Listening and asking questions to make sure you’re getting tasks right is key. “Be a sponge,” is the advice I give to all recruits. “You’re the new generation learning from the previous generation.”
What are the main challenges apprentices often face when joining the construction industry?
Construction is a highly sought-after profession, which many people want to get into now. When we advertise an apprenticeship in highly populated areas like Sheffield and Leeds, we can receive upwards of 200-250 applications for a single role.
A big advantage with an apprentice is that they are a blank canvas and can be trained well and moulded into the job
A lot of school leavers don’t have much work experience, so we can only judge them on their grades, which don’t always accurately reflect someone’s abilities.
CVs can look the same. Applicants need to put their personality into applications. They need to include transferable skills – for example, playing football for their local Sunday team.
If they’re the team captain, that demonstrates leadership skills. Walking someone’s dog regularly, shows they’re trustworthy. Applicants have skills they don’t know they have, but it’s essential they include these in their applications to stand out from the crowd.
Public transport is also a challenge in northern England, where EN:Able Futures operates. Services can be unreliable and unaffordable. If an apprenticeship is a young person’s first ever job, it can be challenging and hard work just getting into the routine of early starts and limited transport to get you back home at a reasonable hour.
Some young new apprentices can change their minds and decide it isn’t for them without giving it a good go first.
In construction, lots of the work is outdoors and often in muddy conditions. While onsite facilities and amenities are great these days, it can be a bit of a shock to some recruits. But, as with any type of work, you need a bit of time to settle into it.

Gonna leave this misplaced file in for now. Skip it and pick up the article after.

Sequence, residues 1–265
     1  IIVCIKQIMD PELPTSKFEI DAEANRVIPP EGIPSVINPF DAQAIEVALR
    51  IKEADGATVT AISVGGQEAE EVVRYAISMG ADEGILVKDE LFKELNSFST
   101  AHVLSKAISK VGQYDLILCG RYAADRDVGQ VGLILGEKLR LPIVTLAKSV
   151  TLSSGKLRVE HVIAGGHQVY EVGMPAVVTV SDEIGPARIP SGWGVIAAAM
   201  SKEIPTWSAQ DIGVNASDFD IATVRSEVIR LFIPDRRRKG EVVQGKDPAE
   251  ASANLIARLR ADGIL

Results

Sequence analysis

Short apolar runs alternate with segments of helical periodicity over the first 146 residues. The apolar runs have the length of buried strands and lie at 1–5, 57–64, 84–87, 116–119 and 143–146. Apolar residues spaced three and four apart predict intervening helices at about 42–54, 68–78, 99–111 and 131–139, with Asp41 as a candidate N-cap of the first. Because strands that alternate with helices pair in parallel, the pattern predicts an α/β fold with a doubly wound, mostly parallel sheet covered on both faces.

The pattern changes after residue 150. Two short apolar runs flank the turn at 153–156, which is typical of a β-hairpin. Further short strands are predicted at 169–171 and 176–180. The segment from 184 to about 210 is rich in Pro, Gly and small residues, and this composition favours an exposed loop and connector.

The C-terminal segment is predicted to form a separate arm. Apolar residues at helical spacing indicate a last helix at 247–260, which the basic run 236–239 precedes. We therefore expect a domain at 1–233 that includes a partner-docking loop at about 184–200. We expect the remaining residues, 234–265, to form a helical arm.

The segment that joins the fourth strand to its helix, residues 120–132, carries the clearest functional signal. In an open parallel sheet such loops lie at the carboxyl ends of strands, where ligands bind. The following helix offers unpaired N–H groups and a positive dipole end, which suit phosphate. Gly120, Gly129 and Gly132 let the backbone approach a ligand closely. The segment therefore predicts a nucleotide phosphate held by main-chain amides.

How can construction leaders help reduce these challenges and support the journey from apprentice to construction professional?
Construction companies should take advantage of the apprenticeship levy. A lot of companies ignore it and don’t use it all. If they shared their levy with organisations like EN:Able Futures, they could generate more much needed apprenticeships for SMEs that can’t afford it and create more opportunities for young people to start their construction careers.
A big advantage with an apprentice is that they’re a blank canvas and can be trained well and moulded into the job.
Smaller companies might see apprenticeships as too much of an admin burden. If they use a flexi-job apprenticeship provider like EN:Able Futures, working in collaboration can remove any barriers and challenges.
Our apprenticeship managers take the stress away from the companies hosting the apprentice. We do all the recruitment, the liaising with colleges, mentoring and pastoral support for the apprentice, payroll and so on. Flexi-job apprenticeships ensure success and reduce risk. It’s a win-win.
• Daniel Simpkins is a recruitment coordinator at EN:Able Futures.